Forget Me Not: Leaving a ‘Legacy of Love’ in Singapore
Caritas encourages people to make legacy donations to support the needy and vulnerable in the city-state
Children enjoy a meal at Infant Jesus Children’s Homes and Centers, a member organization of Caritas Singapore. (Photo: YouTube/Caritas Singapore)
Theresa Foo believes that when devout Christians like her leave the world, they find a place with Christ.
And, before the last call, Christians must leave a legacy filled with love for the sake of others who are left behind. “When I return to the Lord, I want to leave a legacy of love,” she says.
A Catholic from St. Ignatius Church in Singapore, the retired woman served as a host in the church’s hospitality ministry before the Covid-19 pandemic hit two years ago, Catholic News of the Archdiocese of Singapore reported on April 20.
She is now a board member of Caritas Singapore, the social service agency of the Catholic Church in Singapore. She regularly donates to charities and non-profit organizations in the city-state.
Foo, 78, says as a Catholic she inherits a family tradition of leaving a legacy to the Church before returning to God.
“I grew up in a Catholic family and faith is important to us. My parents left a testamentary legacy to the Catholic Church. Now it’s my turn to follow in their footsteps and continue their legacy of support,” she said.
“As we live, we receive abundant blessings through the love of our Heavenly Father. When we leave, these gifts that came from him can be entrusted to our loved ones and to his other children to make the love of God live.
“After all, we are all beneficiaries of an ancient inheritance – the inheritance of our parents and that of our Heavenly Father, who most mercifully bestowed on us his love and blessings.”
Foo’s legacy donation is one of many examples of charitable donations that Caritas Singapore is collecting during Charities Week from March 12 to May 22.
This annual fundraising campaign, with the slogan “Let’s be God’s love in action”, aims to encourage people to donate to support the work of 26 Catholic charities and member organizations in the city-state and around the world. -of the.
This year, the agency has received donations worth $2 million and by the end of the campaign, it hopes to reach the goal of raising $8 million, the agency said in a message. on Facebook.
A bequest is a special type of fundraising for Caritas Singapore. He receives inherited gifts in the form of cash, marketable assets like real estate, art, antiques, jewelry, marketable securities (bonds, stocks, exchange-traded mutual funds), insurance policies, etc. insurance and the funds of the Central Retirement Fund.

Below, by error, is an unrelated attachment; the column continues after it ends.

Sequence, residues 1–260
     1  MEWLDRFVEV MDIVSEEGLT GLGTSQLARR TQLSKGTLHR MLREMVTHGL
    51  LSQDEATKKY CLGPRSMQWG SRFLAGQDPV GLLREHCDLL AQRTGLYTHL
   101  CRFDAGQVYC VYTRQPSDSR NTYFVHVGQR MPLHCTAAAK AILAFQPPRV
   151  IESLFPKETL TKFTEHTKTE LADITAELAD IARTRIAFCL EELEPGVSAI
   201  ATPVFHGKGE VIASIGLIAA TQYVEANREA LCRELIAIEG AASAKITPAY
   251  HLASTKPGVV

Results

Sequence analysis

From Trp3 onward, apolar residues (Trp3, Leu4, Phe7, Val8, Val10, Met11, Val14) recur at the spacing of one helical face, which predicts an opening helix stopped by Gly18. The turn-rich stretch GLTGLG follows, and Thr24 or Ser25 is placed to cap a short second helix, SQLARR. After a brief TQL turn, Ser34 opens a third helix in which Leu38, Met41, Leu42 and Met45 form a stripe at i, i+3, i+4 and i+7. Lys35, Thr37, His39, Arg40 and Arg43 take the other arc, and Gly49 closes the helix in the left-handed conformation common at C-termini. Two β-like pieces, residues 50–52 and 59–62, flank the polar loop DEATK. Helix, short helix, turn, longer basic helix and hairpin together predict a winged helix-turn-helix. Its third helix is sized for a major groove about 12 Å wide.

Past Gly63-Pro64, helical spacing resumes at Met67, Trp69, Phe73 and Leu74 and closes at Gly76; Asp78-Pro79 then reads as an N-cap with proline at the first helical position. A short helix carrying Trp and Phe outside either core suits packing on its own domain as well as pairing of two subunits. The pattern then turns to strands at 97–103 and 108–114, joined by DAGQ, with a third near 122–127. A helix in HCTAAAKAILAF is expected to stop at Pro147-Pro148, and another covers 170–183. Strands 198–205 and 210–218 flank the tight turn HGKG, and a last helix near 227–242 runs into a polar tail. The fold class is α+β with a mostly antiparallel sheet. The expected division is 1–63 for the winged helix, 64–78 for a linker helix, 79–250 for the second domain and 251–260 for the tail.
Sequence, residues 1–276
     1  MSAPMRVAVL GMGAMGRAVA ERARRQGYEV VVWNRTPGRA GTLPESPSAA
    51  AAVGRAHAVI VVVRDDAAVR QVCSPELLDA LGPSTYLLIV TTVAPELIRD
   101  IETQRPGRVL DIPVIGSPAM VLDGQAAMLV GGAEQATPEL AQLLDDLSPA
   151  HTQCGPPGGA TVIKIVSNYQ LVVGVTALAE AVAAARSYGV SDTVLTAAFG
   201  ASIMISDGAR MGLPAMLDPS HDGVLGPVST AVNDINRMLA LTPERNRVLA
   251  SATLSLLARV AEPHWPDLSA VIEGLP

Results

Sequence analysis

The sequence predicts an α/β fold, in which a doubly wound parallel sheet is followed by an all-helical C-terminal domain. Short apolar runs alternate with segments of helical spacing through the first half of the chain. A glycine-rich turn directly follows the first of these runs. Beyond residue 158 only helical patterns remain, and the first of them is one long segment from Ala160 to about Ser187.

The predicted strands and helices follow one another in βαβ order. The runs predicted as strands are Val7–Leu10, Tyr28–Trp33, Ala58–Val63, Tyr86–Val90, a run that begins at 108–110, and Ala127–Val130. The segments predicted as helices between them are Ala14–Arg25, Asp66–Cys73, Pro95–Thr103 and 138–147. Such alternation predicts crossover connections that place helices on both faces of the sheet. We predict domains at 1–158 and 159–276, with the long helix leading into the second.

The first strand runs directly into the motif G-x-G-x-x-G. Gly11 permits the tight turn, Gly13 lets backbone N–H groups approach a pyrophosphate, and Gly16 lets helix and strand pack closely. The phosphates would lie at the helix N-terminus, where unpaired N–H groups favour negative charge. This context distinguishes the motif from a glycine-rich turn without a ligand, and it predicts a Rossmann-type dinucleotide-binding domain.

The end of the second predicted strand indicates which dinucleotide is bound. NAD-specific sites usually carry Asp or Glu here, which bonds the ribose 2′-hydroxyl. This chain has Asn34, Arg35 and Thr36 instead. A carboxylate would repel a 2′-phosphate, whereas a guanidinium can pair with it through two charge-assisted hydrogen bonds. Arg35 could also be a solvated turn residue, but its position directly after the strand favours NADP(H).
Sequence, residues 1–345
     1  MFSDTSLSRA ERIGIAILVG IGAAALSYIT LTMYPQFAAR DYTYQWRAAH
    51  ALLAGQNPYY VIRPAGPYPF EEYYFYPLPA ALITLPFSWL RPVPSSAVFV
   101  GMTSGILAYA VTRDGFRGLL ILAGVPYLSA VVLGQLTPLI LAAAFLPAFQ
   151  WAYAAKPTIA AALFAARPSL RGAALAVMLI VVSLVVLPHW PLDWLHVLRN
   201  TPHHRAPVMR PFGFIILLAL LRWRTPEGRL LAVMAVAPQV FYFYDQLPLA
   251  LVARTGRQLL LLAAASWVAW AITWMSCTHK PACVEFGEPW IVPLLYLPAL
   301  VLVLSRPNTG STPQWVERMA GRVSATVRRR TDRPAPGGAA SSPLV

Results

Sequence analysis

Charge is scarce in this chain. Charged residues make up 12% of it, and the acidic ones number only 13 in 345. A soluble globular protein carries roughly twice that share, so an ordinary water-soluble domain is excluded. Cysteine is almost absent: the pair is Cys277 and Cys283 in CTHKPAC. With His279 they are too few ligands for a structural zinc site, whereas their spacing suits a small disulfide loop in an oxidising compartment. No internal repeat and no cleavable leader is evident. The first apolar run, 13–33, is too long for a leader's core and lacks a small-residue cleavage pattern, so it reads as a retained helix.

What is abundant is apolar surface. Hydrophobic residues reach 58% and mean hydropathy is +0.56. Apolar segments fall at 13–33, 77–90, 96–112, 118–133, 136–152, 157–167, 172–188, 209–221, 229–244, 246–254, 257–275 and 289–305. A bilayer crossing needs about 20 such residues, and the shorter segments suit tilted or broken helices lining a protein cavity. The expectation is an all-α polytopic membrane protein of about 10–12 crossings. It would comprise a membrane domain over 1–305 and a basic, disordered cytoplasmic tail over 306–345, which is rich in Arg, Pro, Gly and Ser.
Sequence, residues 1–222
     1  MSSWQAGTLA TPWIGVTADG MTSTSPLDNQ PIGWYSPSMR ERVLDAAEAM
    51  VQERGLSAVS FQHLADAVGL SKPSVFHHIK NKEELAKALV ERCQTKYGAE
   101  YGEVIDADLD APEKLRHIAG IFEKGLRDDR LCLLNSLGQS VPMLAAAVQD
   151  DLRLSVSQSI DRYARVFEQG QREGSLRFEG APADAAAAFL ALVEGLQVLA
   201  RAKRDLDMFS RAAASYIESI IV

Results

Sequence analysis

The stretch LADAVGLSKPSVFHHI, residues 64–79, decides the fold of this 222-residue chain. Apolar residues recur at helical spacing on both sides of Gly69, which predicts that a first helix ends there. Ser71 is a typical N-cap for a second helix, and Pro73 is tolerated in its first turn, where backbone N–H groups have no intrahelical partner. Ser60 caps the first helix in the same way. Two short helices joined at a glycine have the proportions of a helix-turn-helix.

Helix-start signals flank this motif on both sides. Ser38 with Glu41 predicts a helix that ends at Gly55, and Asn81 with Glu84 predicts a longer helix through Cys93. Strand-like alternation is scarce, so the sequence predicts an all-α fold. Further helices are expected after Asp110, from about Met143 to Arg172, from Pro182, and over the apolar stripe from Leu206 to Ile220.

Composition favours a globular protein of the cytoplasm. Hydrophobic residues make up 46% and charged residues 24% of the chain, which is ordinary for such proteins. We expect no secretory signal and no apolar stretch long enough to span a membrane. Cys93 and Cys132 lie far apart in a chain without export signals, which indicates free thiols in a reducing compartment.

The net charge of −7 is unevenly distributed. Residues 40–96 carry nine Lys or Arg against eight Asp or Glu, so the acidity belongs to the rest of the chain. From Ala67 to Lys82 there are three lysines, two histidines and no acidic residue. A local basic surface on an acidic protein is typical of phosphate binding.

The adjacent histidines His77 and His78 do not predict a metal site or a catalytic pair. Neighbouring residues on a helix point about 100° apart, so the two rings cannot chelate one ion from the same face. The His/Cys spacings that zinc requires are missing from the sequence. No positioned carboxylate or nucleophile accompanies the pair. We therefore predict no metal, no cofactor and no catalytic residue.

“As we live, we receive abundant blessings through the love of our Heavenly Father. When we leave, these gifts that come from him can be entrusted to our loved ones and his other children to help God’s love live on,” Caritas Singapore said in a message for Charities Week.
Inheritance is the redemption of God’s resources bestowed upon us to serve our neighbors and nourish our communities for generations to come, he said.
“By making a bequest to Caritas Singapore, the official social and community arm of the Catholic Church in Singapore, you can help support the work of our family of charities in the future and bring hope and renewal to our brothers and sisters in need,” the post read.
Caritas Singapore says it ensures judicious allocation of funds to charities after assessing their needs and ranking the highest priority causes. It provides regular reports to the donor’s family on how the bequest is being used. Each year, an independent auditor carries out an audit to ensure the proper use of all donations.
Although Singapore is one of the wealthiest countries in Asia, one in 10 people in the country live in poverty, according to the Borgen Project
Donations such as those from Legacy Gifts have become valuable resources in overcoming the disastrous socio-economic impacts of the Covid-19 pandemic.
“When Covid-19 started, some parents lost their jobs. Their families are struggling financially. More issues evolve and more violent cases can be seen,” Sandy Ang, head of student care services at Infant Jesus Homes and Children Centers in Singapore, said in a video posted by Caritas.
The centers, founded on the inspiration of the nuns of the Child Jesus, are aimed at children and young people at risk from disadvantaged and financially disadvantaged families.
Ang said Caritas sponsors the centers, while children and young people residing there receive academic, social and emotional support.
This assistance is crucial for many people. Although Singapore is one of the wealthiest countries in Asia, one in 10 people in the country live in poverty, according to the Borgen Project, a global nonprofit fighting poverty and hunger.
Archbishop William Goh of Singapore said that as followers of Jesus, Christians are called to be inclusive and support those in need and marginalized.
“Jesus as a leader is always inclusive. He came for the poor, for those who are marginalized, and for those who are seen as nobody in society. Jesus was one with them. Anyone involved in humanitarian organizations, even if she is not involved, should take an inclusive approach in her approach, especially supporting those who are weak in society, those who are vulnerable,” the Prelate said in his message for Charities Week 2022.
With the life and teaching of Jesus in mind, Theresa Foo decided to make a legacy donation to Caritas Singapore, which she believes will help provide love, care and support to those in need.
“As a Catholic, I feel it is only fitting for me to leave my legacy to a charity that cares for the poor, marginalized and disadvantaged in our society,” she said.